The awareness of sustainability issues has increased the demand for contemporary environmental, social, and economic solutions. The green building movement, with LEED as the primary assessment standard in the United States, is a major focus of urban sustainability and the built environment. The Catamount Center Dorm, an ~3,000 sq. ft. small environmental education dorm at the rural Catamount Mountain Campus, located in Woodland Park, Colorado, underwent a preliminary LEED evaluation during the early construction stage. This qualitative case study identifies three theoretical constructs that address contestable concepts and gaps within the literature, and may be beneficial for directing future study; they include 1) LEED can serve as an effective educational tool for students, building designers, and LEED accredited professionals 2) LEED impacts building design team dynamics, influencing individual roles, advocacy, and group conversations, 3) LEED provides narrow sustainability solutions within the greater scope of green building practices and should be weighted against the larger ambitions of a project.
This paper seeks to explore the complex interactions of stakeholders in Northern Thailand’s rural development and examines the local, village-level impacts of different development discourses in an attempt to find what within these agendas has proven successful to local communities. Most important in this analysis is the role of local knowledge, villager agendas, and cultural durability in light of these projects. Looking at a variety of case studies from a number of different stakeholders in the conversation I analyze the impacts, both positive and negative, of the current rural development paradigms. Primarily, this paper examines the impacts of agricultural and forest development in ethnic hill tribe villages throughout Thailand. Rural villages in Southeast Asia’s Golden Triangle, the area where Laos, Thailand and China converge, still heavily rely on agriculture for their own self-sufficiency and incomes (Bello et al. 1998), although, land transformation and ecological degradation has created land insecurity in many of these Northern regions (UHDP, personal communication, January 26, 2013). [Keywords: sustainable development, indigenous knowledge, Northern Thailand]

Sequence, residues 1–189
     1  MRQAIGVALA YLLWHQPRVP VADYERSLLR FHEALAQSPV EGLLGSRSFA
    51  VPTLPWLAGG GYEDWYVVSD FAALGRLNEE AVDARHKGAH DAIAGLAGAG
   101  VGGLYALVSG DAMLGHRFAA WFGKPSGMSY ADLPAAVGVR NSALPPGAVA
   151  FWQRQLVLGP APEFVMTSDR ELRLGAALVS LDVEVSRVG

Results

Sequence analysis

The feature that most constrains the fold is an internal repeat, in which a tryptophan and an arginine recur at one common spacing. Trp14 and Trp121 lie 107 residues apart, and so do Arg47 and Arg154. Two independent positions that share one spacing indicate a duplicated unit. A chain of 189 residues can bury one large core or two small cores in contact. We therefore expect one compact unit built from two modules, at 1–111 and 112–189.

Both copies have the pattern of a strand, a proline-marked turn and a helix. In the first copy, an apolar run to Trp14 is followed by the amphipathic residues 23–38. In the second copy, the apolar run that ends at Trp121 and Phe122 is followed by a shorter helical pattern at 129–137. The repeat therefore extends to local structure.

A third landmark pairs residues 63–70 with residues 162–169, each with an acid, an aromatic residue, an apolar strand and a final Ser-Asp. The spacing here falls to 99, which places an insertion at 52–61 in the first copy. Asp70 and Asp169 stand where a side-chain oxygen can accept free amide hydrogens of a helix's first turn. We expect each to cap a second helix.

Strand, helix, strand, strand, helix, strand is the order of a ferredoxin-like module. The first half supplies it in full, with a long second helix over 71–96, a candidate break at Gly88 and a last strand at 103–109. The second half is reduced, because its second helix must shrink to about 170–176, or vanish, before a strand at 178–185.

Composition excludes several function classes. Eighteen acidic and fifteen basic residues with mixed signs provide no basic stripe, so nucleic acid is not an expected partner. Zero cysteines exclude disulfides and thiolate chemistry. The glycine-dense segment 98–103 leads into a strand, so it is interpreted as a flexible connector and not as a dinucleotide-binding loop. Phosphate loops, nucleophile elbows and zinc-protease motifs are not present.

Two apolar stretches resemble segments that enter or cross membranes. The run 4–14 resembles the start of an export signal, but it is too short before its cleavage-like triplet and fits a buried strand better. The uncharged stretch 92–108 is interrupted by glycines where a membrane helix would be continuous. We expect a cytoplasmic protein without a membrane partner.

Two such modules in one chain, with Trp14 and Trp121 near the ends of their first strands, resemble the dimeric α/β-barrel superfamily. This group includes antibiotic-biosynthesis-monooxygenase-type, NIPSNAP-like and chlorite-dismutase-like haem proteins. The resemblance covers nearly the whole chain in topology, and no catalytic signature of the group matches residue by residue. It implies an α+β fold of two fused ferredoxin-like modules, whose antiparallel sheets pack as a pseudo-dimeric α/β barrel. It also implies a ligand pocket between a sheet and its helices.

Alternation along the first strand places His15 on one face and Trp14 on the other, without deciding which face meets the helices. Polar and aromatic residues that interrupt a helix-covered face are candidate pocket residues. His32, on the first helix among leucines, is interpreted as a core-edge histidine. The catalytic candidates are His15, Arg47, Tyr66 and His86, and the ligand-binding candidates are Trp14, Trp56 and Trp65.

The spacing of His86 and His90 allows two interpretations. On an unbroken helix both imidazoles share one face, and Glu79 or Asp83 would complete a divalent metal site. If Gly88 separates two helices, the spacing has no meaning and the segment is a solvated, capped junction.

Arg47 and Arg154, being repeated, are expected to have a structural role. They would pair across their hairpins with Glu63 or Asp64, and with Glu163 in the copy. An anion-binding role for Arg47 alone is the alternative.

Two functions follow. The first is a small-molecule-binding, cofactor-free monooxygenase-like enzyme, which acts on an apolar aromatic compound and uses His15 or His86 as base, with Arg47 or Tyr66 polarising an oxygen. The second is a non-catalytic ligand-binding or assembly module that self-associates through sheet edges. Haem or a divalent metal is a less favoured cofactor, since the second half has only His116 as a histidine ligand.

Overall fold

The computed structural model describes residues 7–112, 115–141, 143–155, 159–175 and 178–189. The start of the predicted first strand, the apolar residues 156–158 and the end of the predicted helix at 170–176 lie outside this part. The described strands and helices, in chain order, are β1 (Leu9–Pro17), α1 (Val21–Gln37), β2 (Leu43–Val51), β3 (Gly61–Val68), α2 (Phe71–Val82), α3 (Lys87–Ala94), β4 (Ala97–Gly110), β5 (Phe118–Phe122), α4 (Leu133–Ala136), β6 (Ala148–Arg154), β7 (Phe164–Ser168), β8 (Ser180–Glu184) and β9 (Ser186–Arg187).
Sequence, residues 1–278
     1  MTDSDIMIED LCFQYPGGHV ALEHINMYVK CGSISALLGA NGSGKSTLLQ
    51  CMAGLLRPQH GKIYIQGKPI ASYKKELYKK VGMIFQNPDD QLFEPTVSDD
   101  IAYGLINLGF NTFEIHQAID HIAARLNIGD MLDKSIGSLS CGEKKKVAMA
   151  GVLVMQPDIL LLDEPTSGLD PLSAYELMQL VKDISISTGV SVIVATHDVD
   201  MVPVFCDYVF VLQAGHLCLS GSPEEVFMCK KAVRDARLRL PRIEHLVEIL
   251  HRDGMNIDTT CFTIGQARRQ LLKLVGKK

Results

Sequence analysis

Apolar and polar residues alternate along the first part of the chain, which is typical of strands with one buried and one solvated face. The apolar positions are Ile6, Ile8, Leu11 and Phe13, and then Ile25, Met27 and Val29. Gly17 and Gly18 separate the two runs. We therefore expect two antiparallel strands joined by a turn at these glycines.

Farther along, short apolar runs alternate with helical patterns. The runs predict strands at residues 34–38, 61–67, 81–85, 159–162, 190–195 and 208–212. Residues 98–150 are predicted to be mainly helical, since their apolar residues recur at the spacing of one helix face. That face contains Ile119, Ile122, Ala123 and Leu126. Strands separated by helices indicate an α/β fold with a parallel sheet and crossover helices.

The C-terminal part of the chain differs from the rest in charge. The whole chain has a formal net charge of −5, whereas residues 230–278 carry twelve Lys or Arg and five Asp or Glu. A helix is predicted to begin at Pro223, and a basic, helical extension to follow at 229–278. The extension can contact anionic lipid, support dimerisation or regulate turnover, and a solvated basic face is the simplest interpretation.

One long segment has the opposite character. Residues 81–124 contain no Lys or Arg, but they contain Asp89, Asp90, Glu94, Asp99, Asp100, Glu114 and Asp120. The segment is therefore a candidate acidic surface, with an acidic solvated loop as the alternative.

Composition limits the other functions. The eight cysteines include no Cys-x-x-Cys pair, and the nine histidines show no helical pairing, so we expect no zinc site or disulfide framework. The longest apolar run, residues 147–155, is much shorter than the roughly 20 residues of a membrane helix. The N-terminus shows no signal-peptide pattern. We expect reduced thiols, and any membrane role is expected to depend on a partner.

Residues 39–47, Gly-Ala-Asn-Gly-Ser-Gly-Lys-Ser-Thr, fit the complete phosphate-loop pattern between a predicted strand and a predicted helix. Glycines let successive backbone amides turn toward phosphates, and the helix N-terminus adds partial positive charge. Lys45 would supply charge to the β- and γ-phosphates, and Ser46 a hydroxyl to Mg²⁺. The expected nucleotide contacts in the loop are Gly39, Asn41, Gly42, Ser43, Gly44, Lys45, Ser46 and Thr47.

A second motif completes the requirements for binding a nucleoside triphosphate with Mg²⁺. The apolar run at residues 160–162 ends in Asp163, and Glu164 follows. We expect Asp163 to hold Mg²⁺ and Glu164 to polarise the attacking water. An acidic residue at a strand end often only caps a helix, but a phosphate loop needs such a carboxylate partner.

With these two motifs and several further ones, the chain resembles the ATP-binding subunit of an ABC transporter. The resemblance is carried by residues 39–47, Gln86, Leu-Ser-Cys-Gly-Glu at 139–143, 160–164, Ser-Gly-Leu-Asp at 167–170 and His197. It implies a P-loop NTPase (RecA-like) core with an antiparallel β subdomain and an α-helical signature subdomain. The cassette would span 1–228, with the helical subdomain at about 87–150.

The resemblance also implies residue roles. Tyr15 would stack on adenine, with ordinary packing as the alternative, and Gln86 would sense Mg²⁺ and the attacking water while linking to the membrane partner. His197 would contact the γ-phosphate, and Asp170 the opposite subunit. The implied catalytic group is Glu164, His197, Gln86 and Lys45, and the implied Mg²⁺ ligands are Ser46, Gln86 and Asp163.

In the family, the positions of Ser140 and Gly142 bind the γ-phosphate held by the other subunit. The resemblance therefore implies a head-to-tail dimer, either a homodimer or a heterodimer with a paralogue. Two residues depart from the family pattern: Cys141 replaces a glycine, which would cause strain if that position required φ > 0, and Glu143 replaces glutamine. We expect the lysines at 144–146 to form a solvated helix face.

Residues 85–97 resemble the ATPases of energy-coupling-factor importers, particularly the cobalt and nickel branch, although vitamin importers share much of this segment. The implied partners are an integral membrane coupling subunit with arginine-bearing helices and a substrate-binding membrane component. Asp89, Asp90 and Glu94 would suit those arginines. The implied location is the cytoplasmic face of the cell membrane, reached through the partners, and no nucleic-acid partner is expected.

The 2014 Colorado College State of Sustainability report benchmarks our campus’ performance across broad sustainability metrics and provides a road map for incremental improvement in the coming years. More importantly, it recommends specific strategies for a holistic systems approach to successful integration of educational, engagement, operational, and planning outcomes. This report utilizes the Sustainability Tracking, Assessment, and Rating System (STARS®) outline and assessment methods developed by the Association for the Advancement of Sustainability in Higher Education (AASHE) to address the integration of sustainability across campus and the community. A focus on the Priority Actions not only impacts sustainability across campus and makes us more applicable as an institution of higher education to the current generation, but it also maps ways to improve our overall STARS® score and standing as well as other ranking systems, such as the Princeton Review Guide to Green Colleges and Sierra Magazine’s Coolest School rankings. To this end, the 2014 Colorado College State of Sustainability report is fundamentally organized around the STARS® organizational outline. CC’s 2014 benchmark report can be found at: https://stars.aashe.org/institutions/colorado-college-co/report/